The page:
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dc.contributor.authorCanto, Andrew J.
dc.contributor.authorKiefe, Catarina I.
dc.contributor.authorGoldberg, Robert J.
dc.contributor.authorRogers, William J.
dc.contributor.authorPeterson, Eric D.
dc.contributor.authorWenger, Nanette K.
dc.contributor.authorVaccarino, Viola
dc.contributor.authorFrederick, Paul D.
dc.contributor.authorSopko, George
dc.contributor.authorZheng, Zhi-Jie
dc.contributor.authorCanto, John G.
dc.date2022-08-11T08:10:33.000
dc.date.accessioned2022-08-23T17:12:38Z
dc.date.available2022-08-23T17:12:38Z
dc.date.issued2012-04-01
dc.date.submitted2012-10-15
dc.identifier.citationAm Heart J. 2012 Apr;163(4):572-9. Epub 2012 Mar 29. <a href="http://dx.doi.org/10.1016/j.ahj.2012.01.020" target="_blank">Link to article on publisher's site</a>
dc.identifier.issn0002-8703 (Linking)
dc.identifier.doi10.1016/j.ahj.2012.01.020
dc.identifier.pmid22520522
dc.identifier.urihttp://hdl.handle.net/20.500.14038/46548
dc.description.abstractBACKGROUND: Chest pain/discomfort (CP) is the hallmark symptom of acute myocardial infarction (MI), but some patients with MI present without CP. We hypothesized that MI type (ST-segment elevation MI [STEMI] or non-STEMI [NSTEMI]) may be associated with the presence or absence of CP. METHODS: We investigated the association between CP at presentation and MI type, hospital care, and mortality among 1,143,513 patients with MI in the National Registry of Myocardial Infarction (NRMI) from 1994 to 2006. RESULTS: Overall, 43.6% of patients with NSTEMI and 27.1% of patients with STEMI presented without CP. For both MI type, patients without CP were older, were more frequently female, had more diabetes or history of heart failure, were more likely to delay hospital arrival, and were less likely to receive evidence-based medical therapies and invasive cardiac procedures. Multivariable analysis indicated that NSTEMI (vs STEMI) was the strongest predictor of atypical symptoms (adjusted odds ratio [95% CI], 1.93 [1.91-1.95]). Within the 4 CP/MI type categories, hospital mortality was highest for no CP/STEMI (27.8%), followed by no CP/NSTEMI (15.3%) and CP/STEMI (9.6%), and was lowest for CP/NSTEMI (5.4%). The adjusted odds ratio of mortality was 1.38 (1.35-1.41) for no CP (vs CP) in the STEMI group and 1.31 (1.28-1.34) in the NSTEMI group. CONCLUSIONS: Hospitalized patients with NSTEMI were nearly 2-fold more likely to present without CP than patients with STEMI. Patients with MI without CP were less quickly diagnosed and treated and had higher adjusted odds of hospital mortality, regardless of whether they had ST-segment elevation.
dc.language.isoen_US
dc.relation<a href="http://www.ncbi.nlm.nih.gov/entrez/query.fcgi?db=pubmed&cmd=Retrieve&list_uids=22520522&dopt=Abstract">Link to Article in PubMed</a>
dc.relation.urlhttp://dx.doi.org/10.1016/j.ahj.2012.01.020
dc.subjectAged
dc.subjectAged, 80 and over
dc.subjectChest Pain
dc.subjectFemale
dc.subject*Hospital Mortality
dc.subjectHumans
dc.subjectLogistic Models
dc.subjectMale
dc.subjectMiddle Aged
dc.subjectMultivariate Analysis
dc.subjectMyocardial Infarction
dc.subjectRegistries
dc.subjectBiostatistics
dc.subjectCardiovascular Diseases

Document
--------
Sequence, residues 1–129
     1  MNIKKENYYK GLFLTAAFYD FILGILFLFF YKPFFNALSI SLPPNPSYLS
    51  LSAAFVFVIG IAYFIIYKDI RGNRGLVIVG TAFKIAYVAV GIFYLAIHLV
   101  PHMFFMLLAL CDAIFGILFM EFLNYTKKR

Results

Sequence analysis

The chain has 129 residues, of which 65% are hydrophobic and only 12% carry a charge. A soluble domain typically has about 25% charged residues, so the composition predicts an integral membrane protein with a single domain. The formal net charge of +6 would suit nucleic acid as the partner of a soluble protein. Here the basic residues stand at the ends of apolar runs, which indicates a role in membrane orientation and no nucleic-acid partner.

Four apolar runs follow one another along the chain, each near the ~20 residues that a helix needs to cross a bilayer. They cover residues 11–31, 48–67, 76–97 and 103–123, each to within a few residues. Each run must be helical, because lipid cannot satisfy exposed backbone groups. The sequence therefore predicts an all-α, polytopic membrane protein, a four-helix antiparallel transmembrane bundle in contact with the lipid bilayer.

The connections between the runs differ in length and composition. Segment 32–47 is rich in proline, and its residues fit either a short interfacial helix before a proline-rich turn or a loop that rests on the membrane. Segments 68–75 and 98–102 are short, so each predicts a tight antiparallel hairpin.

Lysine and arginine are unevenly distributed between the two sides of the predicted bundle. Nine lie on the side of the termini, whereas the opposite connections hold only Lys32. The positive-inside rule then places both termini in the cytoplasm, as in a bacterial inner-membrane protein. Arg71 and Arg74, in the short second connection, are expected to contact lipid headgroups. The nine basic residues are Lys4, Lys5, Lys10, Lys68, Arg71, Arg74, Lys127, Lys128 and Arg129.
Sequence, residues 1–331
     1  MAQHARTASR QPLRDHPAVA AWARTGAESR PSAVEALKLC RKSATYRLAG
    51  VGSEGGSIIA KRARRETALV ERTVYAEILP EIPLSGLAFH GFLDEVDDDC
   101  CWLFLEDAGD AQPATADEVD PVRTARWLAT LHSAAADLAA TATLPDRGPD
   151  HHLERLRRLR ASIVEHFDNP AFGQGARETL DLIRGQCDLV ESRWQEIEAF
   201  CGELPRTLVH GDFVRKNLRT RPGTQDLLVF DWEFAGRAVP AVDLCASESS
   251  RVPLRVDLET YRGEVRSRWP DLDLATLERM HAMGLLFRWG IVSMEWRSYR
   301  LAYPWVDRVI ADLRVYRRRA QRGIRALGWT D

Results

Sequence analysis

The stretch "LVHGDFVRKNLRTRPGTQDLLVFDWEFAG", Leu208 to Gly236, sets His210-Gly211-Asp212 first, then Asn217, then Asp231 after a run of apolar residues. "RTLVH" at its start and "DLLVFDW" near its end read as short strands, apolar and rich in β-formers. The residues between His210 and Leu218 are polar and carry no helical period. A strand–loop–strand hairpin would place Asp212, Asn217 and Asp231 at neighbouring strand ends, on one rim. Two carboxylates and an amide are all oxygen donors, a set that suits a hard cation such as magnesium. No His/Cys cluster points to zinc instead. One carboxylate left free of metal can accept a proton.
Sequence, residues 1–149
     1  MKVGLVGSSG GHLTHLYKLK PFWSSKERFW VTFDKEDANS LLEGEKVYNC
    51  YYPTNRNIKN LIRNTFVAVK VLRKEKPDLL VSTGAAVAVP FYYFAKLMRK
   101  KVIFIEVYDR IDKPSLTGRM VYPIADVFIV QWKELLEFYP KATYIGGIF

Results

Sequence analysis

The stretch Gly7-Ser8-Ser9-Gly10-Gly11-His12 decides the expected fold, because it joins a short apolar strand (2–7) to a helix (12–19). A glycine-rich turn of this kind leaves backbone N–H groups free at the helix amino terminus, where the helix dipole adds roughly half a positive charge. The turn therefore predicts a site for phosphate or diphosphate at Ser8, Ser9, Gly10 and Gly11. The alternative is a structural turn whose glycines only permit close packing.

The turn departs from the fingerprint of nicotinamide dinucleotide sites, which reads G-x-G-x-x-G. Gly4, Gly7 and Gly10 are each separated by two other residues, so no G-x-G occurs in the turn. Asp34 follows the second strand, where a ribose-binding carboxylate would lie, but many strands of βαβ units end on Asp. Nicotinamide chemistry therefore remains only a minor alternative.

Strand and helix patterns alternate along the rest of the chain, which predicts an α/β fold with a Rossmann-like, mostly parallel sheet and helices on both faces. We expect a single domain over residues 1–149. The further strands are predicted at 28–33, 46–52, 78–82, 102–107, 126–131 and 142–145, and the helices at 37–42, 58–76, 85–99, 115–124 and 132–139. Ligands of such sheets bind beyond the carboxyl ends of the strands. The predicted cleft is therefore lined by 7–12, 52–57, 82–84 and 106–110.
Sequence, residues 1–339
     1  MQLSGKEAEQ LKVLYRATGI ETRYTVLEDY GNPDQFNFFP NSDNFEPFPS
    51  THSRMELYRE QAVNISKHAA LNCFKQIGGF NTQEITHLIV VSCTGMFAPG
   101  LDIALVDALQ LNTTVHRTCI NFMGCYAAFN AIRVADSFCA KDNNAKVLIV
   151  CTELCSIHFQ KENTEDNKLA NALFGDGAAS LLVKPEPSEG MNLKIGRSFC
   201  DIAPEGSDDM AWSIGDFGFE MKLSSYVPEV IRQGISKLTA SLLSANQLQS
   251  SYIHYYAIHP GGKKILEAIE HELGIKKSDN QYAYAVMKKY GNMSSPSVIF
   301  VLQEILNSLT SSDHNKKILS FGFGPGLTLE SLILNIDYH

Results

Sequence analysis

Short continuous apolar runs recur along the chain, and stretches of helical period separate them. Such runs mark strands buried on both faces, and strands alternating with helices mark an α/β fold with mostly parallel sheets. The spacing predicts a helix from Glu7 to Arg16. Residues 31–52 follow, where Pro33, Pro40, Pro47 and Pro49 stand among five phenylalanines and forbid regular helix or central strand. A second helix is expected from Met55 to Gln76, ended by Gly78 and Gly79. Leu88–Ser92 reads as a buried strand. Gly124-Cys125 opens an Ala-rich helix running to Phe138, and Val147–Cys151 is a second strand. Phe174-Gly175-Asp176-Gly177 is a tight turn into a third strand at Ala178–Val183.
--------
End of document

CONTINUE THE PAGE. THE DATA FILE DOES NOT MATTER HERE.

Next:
dc.subjectEpidemiology
dc.subjectHealth Services Research
dc.titleDifferences in symptom presentation and hospital mortality according to type of acute myocardial infarction
dc.typeJournal Article
dc.source.journaltitleAmerican heart journal
dc.source.volume163
dc.source.issue4
dc.identifier.legacycoverpagehttps://escholarship.umassmed.edu/qhs_pp/1014
dc.identifier.contextkey3393446
html.description.abstract<p>BACKGROUND: Chest pain/discomfort (CP) is the hallmark symptom of acute myocardial infarction (MI), but some patients with MI present without CP. We hypothesized that MI type (ST-segment elevation MI [STEMI] or non-STEMI [NSTEMI]) may be associated with the presence or absence of CP.</p> <p>METHODS: We investigated the association between CP at presentation and MI type, hospital care, and mortality among 1,143,513 patients with MI in the National Registry of Myocardial Infarction (NRMI) from 1994 to 2006.</p> <p>RESULTS: Overall, 43.6% of patients with NSTEMI and 27.1% of patients with STEMI presented without CP. For both MI type, patients without CP were older, were more frequently female, had more diabetes or history of heart failure, were more likely to delay hospital arrival, and were less likely to receive evidence-based medical therapies and invasive cardiac procedures. Multivariable analysis indicated that NSTEMI (vs STEMI) was the strongest predictor of atypical symptoms (adjusted odds ratio [95% CI], 1.93 [1.91-1.95]). Within the 4 CP/MI type categories, hospital mortality was highest for no CP/STEMI (27.8%), followed by no CP/NSTEMI (15.3%) and CP/STEMI (9.6%), and was lowest for CP/NSTEMI (5.4%). The adjusted odds ratio of mortality was 1.38 (1.35-1.41) for no CP (vs CP) in the STEMI group and 1.31 (1.28-1.34) in the NSTEMI group.</p> <p>CONCLUSIONS: Hospitalized patients with NSTEMI were nearly 2-fold more likely to present without CP than patients with STEMI. Patients with MI without CP were less quickly diagnosed and treated and had higher adjusted odds of hospital mortality, regardless of whether they had ST-segment elevation.</p>
dc.identifier.submissionpathqhs_pp/1014
dc.contributor.departmentMeyers Primary Care Institute
dc.contributor.departmentDepartment of Quantitative Health Sciences
dc.source.pages572-9


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